Monday, October 25, 2010

Just How Inefficient is Our Society?

I was listening to a conversation about efficiency in the U.S. economy the other day. It’s actually amazing how far below our actual capabilities we are right now when you stop and think about it. I’m thinking in terms of fully utilizing our human resources.

I recently spent 11 months unemployed. I went from being an experienced and productive computer engineer to someone who produced zero net contribution to our economy for those months. I worked hard every day, but that effort was devoted to my job search routine, filling out job applications, preparing for interviews, etc. (I also did volunteer work and spent more time with my family, but I’m not counting that here.) Fortunately I have a job that allows me to be productive again, but when I look back at that time I spent unemployed I shake my head at the waste of time and effort that could have been put to much better use.

Today we have about 10% of our workforce in this situation – representing maybe a 10% waste in our productivity.  It’s hard to estimate what portion of the potential workforce is not counted in that number because they have given up or see no opportunity for a meaningful job. Some people estimate that the real number when these people are taken into account is closer to 20%. Then add a few percent more cover the people currently in prison. We can argue about adding the number of people in the military to this amount too, but that’s a relatively small number compared to other factors.

The next big factor, and potentially the biggest factor of all, is the number of people underemployed. These are people who are working at jobs that, for whatever reason, do not allow them to fully contribute to society what they are capable of. By the time you add all these factors in, our human workforce as a group is almost certainly contributing less than half of what they are capable of.

You could spend considerable time debating what portion of this is due to personal choices, cultural factors, or inefficiencies in the market. I don’t know the correct answer here. I’m sure of two things though: (1) We as a society are doing a fraction of what we are capable of and there’s room for considerable improvement, and (2) we are in a situation where there’s a considerable need for that extra human potential to solve a growing list of problems.

Thursday, October 7, 2010

Positive Feedback is Making the Stock Market Increasingly Unstable

On May 6th 2010, the Dow Jones Industrial Average for the NY Stock Exchange dropped by 1,000 points in a matter a minutes in an event than has become known as the “Flash Crash”. Fortunately for people invested in the market, the Dow regained most of that loss very quickly. This was an unprecedented case, and a warning – how could the stock market change so much so quickly?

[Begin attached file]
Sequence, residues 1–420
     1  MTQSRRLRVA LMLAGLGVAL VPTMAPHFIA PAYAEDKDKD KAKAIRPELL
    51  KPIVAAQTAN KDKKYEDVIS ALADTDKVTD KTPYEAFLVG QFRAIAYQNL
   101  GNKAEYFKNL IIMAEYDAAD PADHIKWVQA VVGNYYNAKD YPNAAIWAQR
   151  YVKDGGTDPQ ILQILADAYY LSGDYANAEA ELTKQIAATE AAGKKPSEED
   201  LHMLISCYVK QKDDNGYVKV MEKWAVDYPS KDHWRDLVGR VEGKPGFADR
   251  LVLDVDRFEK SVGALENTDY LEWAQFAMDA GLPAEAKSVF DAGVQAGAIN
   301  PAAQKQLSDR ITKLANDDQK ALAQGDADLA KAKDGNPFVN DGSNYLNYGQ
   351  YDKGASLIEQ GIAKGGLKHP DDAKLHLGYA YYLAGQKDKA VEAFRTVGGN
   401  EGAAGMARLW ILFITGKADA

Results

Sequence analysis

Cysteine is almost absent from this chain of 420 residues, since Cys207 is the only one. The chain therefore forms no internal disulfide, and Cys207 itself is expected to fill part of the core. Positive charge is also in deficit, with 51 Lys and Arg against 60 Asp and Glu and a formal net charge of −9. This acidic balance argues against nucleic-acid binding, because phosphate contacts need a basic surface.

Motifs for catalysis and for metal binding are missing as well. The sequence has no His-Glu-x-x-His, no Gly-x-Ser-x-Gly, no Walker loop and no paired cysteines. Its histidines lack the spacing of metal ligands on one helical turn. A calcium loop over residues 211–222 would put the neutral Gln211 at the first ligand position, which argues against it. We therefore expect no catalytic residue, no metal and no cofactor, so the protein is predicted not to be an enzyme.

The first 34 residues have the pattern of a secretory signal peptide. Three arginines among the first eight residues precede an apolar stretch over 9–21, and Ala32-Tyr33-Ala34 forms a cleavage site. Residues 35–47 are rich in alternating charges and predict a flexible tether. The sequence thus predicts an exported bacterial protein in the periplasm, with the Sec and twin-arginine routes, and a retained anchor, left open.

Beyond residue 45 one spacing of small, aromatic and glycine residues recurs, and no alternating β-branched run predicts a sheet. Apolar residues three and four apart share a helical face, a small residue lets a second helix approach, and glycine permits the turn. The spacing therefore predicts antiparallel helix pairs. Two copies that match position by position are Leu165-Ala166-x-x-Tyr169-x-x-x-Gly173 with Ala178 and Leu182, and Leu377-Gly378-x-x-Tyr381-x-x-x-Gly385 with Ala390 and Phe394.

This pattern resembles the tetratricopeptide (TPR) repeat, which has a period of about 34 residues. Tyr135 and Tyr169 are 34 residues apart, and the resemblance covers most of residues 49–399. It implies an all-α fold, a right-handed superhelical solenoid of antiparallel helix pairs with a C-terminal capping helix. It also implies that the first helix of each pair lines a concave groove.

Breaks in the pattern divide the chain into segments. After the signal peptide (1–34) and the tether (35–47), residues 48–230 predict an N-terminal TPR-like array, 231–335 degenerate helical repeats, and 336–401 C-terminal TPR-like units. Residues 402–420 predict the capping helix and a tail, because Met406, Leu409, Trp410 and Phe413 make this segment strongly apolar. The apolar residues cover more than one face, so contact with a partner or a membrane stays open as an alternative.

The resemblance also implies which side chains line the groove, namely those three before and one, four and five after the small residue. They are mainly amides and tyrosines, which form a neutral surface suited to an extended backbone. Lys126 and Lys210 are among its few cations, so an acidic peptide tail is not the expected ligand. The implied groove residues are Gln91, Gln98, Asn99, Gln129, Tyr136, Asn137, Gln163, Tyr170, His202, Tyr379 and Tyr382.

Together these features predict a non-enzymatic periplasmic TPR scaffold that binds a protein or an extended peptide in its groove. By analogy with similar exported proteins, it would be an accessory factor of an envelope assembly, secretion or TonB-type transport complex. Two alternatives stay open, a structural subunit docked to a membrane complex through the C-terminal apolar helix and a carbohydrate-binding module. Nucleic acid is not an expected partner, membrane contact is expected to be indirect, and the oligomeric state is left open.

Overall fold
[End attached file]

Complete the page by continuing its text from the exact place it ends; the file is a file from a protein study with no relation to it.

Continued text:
It turns out that the flash crash was caused by a single large stock trade, and the series of high frequency computer trades that quickly followed. This should be taken as a very serious warning of how unstable the market has become.

Stock markets are inherently unstable because of positive feedback. Positive feedback is a basic phenomena in control theory in which parts of a system function to increase the size of any change in either the positive or negative direction (negative feedback works to reduce or dampen any change). The market is full of positive feedback loops . Increasing stock prices attract more investors which produces even greater increases in stock prices. Falling stock prices scare away investors which causes even greater reductions in stock prices.

It is a basic principle of control theory that when positive feedback becomes large enough, the system becomes very unstable and begins to experience wild oscillations. The loud squealing you sometimes hear when there is too much feedback in a sound system with a microphone is closely related to this.

Unfortunately, the amount of positive feedback in the stock market is increasing in size and speed each year, being driven mainly by very high speed computer trading. There was a recent story about a new transatlantic cable being laid between England and the US primarily to allow faster computer trading on the NY stock exchange by firms in London. The current cables have a 65 millisecond delay, and the new cables will reduce the delay to under 60 milliseconds. I’ll save the commentary about the tremendous amount of waste in physical resources and intellectual talent that is going into this for another time. For now, I’ll just point to it as an example of the increasing speed and strength of the positive feedback effecting stock markets, bringing them ever closer to the point of wild instability.